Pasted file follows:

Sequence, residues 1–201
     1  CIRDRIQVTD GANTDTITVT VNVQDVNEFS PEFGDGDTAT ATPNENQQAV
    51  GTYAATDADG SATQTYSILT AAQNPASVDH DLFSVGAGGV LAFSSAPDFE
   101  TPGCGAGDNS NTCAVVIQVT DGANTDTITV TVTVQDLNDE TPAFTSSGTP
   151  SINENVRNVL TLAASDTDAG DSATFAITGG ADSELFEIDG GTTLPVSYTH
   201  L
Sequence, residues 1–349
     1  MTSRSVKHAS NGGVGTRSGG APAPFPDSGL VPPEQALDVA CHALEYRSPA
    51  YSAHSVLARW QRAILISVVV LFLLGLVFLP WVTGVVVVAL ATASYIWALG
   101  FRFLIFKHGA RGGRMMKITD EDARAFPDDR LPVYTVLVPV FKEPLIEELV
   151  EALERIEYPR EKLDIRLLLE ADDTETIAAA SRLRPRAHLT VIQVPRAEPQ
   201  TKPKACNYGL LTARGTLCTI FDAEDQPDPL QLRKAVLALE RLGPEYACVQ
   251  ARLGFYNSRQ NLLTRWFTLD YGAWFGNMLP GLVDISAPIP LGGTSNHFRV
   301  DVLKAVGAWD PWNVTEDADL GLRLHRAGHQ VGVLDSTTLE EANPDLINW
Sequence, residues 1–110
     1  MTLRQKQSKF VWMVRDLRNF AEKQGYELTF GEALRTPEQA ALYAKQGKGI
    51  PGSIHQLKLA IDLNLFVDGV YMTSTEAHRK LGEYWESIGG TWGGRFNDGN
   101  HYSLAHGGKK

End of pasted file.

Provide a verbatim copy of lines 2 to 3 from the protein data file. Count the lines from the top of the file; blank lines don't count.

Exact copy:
     1  CIRDRIQVTD GANTDTITVT VNVQDVNEFS PEFGDGDTAT ATPNENQQAV
    51  GTYAATDADG SATQTYSILT AAQNPASVDH DLFSVGAGGV LAFSSAPDFE